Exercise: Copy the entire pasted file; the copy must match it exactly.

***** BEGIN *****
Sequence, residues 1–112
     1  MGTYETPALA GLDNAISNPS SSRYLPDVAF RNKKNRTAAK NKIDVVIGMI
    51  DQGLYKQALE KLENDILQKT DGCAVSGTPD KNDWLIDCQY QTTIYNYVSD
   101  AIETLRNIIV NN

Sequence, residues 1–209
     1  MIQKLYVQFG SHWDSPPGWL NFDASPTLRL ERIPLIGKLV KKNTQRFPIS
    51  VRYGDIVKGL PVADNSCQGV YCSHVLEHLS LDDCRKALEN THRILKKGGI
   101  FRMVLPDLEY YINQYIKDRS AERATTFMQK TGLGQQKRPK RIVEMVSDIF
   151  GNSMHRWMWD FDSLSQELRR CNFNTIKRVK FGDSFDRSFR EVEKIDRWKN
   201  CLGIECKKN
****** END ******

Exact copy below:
Sequence, residues 1–112
     1  MGTYETPALA GLDNAISNPS SSRYLPDVAF RNKKNRTAAK NKIDVVIGMI
    51  DQGLYKQALE KLENDILQKT DGCAVSGTPD KNDWLIDCQY QTTIYNYVSD
   101  AIETLRNIIV NN

Sequence, residues 1–209
     1  MIQKLYVQFG SHWDSPPGWL NFDASPTLRL ERIPLIGKLV KKNTQRFPIS
    51  VRYGDIVKGL PVADNSCQGV YCSHVLEHLS LDDCRKALEN THRILKKGGI
   101  FRMVLPDLEY YINQYIKDRS AERATTFMQK TGLGQQKRPK RIVEMVSDIF
   151  GNSMHRWMWD FDSLSQELRR CNFNTIKRVK FGDSFDRSFR EVEKIDRWKN
   201  CLGIECKKN